Noah Epstein (left) is a peer support worker with the Nova Scotia Early Psychosis Program (NSEPP) at the QEII. With help from a QEII Foundation TRIC grant, Dr. Phil Tibbo (right), director of the NSEPP, led the research to confirm the positive impact of a peer support program for people experiencing a psychotic disorder.
QEII team translating research into patient care
Originally published on qe2times.ca.
Since the mid-1990s, the Nova Scotia Early Psychosis Program (NSEPP) at the QEII Health Sciences Centre has been identifying and treating psychotic disorders. As director Dr. Phil Tibbo explains, the clinic’s motto has always been “the sooner, the better.”
“Our mandate is making sure that individuals who are experiencing a psychotic disorder get intensive treatment early, so that they have the best possible outcomes,” he explains.
Based on 20 years of national and global research, the program has consistently proven that early intervention services are optimal.
“Through integrated measurement-based care, we’ve always had a good idea of how patients are doing.”
With the focus on “relapse prevention, keeping people out of hospital and keeping people well,” the program is both cost-effective and quantifiable.
“From the perspective of patients and families, the wellness is being maintained,” Dr. Tibbo says. “We see people getting back to school and work and getting on with their lives.”
QEII Foundation Translating Research Into Care (TRIC) grants have been instrumental in funding the program. The NSEPP has received two such grants, the first of which was to examine the use of peer support work in the transitions from an early psychosis program — NSEPP is standard for the first five years of illness — to community care.
According to Rachel Boehm, director of mental health and addictions for the Nova Scotia Health Authority’s Central Zone, this was a perfect opportunity to look at procedural improvements.
“There are different levels of care,” she says. “A certain intensive level might be appropriate at a certain point, but it wouldn’t be appropriate throughout a person’s entire life. There’s a period of risk for patients when they’re moving from one program to a less intensive program and they can feel abandoned.”
Listening to this concern inspired a particularly valuable initiative.
“When we brought the research results back, the resounding signal was that we needed a peer support worker program,” Dr. Tibbo says.
A second successful grant application gave Dr. Tibbo and his team the resources needed to develop a peer support program and then monitor the results. Enter Noah Epstein, one of three peer support workers trained and vetted for the project. As Noah explains, his motivation to join the team stems from “passion and compassion.”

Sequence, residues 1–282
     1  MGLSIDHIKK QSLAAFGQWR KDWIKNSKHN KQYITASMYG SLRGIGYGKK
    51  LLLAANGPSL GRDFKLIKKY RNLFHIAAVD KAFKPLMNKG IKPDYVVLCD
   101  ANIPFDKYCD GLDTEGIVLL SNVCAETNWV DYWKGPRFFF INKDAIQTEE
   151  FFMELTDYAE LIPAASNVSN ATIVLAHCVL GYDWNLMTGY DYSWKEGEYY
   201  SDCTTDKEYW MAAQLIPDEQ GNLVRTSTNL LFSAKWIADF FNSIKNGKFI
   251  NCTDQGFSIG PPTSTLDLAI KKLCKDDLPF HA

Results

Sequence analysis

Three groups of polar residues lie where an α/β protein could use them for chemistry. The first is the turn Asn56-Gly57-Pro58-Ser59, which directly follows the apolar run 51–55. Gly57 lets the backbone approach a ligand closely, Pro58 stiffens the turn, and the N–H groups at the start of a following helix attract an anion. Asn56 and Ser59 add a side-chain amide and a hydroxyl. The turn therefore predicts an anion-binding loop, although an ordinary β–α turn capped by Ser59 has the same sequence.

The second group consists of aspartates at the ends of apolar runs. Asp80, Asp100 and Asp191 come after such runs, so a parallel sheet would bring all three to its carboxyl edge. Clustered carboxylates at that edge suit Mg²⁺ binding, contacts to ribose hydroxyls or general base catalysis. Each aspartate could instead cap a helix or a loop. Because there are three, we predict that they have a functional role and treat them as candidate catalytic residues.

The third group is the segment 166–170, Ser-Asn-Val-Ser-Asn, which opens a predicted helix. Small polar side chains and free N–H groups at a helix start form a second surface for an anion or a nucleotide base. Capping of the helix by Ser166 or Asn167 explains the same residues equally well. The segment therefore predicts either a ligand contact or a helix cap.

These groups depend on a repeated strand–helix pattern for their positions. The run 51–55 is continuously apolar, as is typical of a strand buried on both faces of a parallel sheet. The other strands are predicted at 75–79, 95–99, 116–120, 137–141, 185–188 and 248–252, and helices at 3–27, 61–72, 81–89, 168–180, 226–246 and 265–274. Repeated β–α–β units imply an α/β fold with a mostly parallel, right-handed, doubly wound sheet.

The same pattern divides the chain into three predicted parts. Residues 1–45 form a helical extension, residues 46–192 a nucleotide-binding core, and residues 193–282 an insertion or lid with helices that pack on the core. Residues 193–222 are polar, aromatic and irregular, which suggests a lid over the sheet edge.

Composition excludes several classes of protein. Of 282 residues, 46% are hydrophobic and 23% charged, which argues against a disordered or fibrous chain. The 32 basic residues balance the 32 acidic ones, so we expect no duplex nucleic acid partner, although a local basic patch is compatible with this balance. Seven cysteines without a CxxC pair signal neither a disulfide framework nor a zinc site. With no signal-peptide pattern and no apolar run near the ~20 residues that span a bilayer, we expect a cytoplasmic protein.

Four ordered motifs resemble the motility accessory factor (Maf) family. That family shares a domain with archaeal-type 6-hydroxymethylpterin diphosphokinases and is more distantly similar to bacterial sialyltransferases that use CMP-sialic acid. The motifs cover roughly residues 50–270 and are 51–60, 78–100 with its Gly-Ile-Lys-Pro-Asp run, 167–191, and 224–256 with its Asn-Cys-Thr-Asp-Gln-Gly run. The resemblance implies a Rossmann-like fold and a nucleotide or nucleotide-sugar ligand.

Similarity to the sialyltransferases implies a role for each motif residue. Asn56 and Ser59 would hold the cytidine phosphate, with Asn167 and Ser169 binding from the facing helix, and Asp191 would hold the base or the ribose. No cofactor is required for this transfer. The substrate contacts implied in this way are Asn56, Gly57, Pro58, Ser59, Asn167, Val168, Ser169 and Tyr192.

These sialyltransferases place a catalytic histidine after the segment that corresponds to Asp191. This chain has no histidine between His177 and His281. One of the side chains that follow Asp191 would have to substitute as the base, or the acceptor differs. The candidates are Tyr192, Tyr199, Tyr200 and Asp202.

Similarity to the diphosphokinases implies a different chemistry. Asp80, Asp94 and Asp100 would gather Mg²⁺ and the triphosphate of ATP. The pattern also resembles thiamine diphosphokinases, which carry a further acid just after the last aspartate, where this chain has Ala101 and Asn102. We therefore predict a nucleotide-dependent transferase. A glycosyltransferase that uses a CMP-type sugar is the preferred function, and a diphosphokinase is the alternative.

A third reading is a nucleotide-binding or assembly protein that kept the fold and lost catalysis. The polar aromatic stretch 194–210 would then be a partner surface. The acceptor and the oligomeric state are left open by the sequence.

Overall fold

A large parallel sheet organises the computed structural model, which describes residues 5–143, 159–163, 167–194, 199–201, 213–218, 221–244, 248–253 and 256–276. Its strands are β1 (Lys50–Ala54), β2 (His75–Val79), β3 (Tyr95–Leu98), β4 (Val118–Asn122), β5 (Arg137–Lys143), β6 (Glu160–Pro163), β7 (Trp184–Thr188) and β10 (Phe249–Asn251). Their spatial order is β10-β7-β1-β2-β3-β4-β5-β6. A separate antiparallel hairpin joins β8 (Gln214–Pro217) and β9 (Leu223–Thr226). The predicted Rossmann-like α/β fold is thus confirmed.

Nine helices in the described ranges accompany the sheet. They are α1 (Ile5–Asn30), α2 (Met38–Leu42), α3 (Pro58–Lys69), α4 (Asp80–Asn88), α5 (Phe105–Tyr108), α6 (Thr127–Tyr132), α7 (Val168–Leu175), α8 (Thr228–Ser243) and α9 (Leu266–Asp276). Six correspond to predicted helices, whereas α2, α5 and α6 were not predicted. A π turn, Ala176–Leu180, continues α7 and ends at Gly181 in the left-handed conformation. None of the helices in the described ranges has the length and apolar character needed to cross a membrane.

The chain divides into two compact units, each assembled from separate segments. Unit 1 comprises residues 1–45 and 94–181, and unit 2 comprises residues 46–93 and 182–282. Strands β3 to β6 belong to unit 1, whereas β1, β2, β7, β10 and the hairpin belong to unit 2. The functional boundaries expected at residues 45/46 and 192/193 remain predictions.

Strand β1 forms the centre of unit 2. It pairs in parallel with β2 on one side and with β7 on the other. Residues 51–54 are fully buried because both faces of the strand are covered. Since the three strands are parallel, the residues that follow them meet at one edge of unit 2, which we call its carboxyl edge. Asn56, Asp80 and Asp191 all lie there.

“I know what it’s like to have psychosis myself. If there’s anything I can do to help others get out of that unfortunate state, then I’m happy to work at that.”
As someone who’s personally experienced the symptoms of psychosis, Noah’s perspective as a peer support worker is indispensible.
“I wanted to help people understand the state they’re in and help them work through it,” he says.
For Noah, a typical day involves setting up face-to-face meetings with peers. Small talk eventually segues into a discussion about mental health.
“I’ll ask them how’ve they’ve been doing lately, if they’ve been eating and sleeping well and if they’ve had any symptoms. The point is not to interview them, but to share and relate my own personal experiences.”
Dr. Tibbo is quick to point out why Noah is such a valuable asset.
“When we initiated this, we had peer support workers in the HRM with depression, bipolar disorder and anxiety experience, but none with psychosis. As someone who’s had those experiences firsthand, Noah really resonates with his peers.”
According to Rachel, the financial support provided by the QEII Foundation has had far-reaching benefits.
“It’s really exciting that the QEII Foundation has supported this peer support program, which helps patients have smooth transitions, move on to another level of care without any gaps in service and really improve their outcome and recovery.”
It’s a sentiment echoed by Dr. Tibbo. “We want to make sure that the gains that we’ve worked on for the last five years are maintained.”
From Noah’s unique vantage point, his day-to-day interactions provide consistent proof of the program’s inherent value.
“The peers I’ve met said that it felt like a graduation from a successful run of early phase treatment. They felt like they could be open with us as peer supporters which, in turn, encouraged them to be more forthcoming with their psychiatrists and clinicians.”
With positive results and support from their administrative partners, the team was able to continue the peer support program after the TRIC grant-funded research ended.
“It’s great when the research funding has an immediate effect on how we deliver health services in Nova Scotia,” Rachel notes.
For Dr. Tibbo, the results are highly encouraging.
“In the past, the approach to psychosis and schizophrenia assumed that outcomes weren’t going to be great. Early intervention proves that isn’t the case and recovery is definitely possible.”
As for Noah, he’s now a self-confessed “believer.”
“Peer support does work. It’s already helped dozens of people that I’ve seen personally and I know lots more, so hopefully it’ll really catch on locally.”
For more information about QEII Foundation TRIC grants, contact ResearchDevelopment@nshealth.ca.